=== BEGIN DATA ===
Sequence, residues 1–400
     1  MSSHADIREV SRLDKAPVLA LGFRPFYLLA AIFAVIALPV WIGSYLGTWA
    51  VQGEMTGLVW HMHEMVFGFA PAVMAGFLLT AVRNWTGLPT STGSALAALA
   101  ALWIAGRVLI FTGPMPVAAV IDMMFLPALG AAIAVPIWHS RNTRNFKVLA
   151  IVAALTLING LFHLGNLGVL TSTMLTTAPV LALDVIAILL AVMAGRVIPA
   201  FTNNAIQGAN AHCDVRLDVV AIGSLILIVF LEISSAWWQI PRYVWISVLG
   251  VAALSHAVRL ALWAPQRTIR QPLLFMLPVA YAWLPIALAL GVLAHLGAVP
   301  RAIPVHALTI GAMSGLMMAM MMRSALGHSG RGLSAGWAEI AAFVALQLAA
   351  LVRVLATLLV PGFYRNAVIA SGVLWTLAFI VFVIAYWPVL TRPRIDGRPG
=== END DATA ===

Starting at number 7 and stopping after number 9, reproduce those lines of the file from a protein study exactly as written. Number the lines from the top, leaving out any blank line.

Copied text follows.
   251  VAALSHAVRL ALWAPQRTIR QPLLFMLPVA YAWLPIALAL GVLAHLGAVP
   301  RAIPVHALTI GAMSGLMMAM MMRSALGHSG RGLSAGWAEI AAFVALQLAA
   351  LVRVLATLLV PGFYRNAVIA SGVLWTLAFI VFVIAYWPVL TRPRIDGRPG